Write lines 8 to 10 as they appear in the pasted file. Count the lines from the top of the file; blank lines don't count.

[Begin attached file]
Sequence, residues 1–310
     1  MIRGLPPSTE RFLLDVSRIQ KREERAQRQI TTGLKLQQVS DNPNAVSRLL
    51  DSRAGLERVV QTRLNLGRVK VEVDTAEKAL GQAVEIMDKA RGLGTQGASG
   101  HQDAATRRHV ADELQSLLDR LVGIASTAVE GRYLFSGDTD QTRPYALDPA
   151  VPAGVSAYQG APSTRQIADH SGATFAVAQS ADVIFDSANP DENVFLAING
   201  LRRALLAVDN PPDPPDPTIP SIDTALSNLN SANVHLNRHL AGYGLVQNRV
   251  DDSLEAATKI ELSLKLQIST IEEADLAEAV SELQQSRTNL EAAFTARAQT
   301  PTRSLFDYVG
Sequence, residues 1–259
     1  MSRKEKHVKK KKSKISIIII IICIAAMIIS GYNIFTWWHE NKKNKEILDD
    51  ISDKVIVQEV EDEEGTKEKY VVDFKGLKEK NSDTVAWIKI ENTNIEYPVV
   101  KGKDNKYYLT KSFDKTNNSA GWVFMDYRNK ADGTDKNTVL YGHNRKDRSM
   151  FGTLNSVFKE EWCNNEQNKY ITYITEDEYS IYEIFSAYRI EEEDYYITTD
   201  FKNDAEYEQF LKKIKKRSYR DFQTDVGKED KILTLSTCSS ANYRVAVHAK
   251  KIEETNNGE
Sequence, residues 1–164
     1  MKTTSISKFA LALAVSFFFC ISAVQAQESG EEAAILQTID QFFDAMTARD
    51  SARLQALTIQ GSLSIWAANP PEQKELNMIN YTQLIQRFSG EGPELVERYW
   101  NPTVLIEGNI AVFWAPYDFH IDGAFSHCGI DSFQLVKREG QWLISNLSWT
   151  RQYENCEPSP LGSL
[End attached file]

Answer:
   301  PTRSLFDYVG
Sequence, residues 1–259
     1  MSRKEKHVKK KKSKISIIII IICIAAMIIS GYNIFTWWHE NKKNKEILDD